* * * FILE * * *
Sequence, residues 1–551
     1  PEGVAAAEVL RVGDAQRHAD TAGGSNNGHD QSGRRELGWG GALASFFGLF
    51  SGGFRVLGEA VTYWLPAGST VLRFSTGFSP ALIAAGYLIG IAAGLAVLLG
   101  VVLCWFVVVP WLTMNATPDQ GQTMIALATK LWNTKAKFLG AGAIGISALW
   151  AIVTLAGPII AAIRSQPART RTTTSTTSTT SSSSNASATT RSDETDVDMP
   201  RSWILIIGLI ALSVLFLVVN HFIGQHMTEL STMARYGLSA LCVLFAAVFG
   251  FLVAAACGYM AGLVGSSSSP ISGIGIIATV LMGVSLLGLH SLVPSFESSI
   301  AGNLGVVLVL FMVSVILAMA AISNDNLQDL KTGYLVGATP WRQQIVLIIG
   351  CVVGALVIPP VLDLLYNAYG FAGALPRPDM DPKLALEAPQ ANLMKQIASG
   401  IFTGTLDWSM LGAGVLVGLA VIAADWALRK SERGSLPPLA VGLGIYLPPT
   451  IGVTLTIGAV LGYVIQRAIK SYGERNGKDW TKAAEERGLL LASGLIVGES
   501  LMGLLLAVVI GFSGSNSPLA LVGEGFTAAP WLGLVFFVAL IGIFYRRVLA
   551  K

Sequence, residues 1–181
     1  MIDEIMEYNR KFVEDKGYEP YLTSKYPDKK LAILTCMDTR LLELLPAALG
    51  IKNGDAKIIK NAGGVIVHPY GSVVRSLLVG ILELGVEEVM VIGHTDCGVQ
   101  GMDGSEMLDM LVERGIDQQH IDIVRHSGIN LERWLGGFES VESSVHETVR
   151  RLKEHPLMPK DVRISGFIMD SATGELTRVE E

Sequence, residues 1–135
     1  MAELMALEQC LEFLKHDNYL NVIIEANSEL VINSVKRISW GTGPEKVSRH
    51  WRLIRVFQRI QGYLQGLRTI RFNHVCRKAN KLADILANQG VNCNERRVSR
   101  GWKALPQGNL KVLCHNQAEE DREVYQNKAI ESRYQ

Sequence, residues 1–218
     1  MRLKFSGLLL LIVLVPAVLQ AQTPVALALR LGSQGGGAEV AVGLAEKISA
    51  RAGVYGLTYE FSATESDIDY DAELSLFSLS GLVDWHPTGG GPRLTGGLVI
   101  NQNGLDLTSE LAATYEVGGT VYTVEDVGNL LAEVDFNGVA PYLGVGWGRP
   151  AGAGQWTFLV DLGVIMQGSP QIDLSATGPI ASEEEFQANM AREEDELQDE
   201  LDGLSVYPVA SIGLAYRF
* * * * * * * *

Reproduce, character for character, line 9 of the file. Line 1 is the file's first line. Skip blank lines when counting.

   351  CVVGALVIPP VLDLLYNAYG FAGALPRPDM DPKLALEAPQ ANLMKQIASG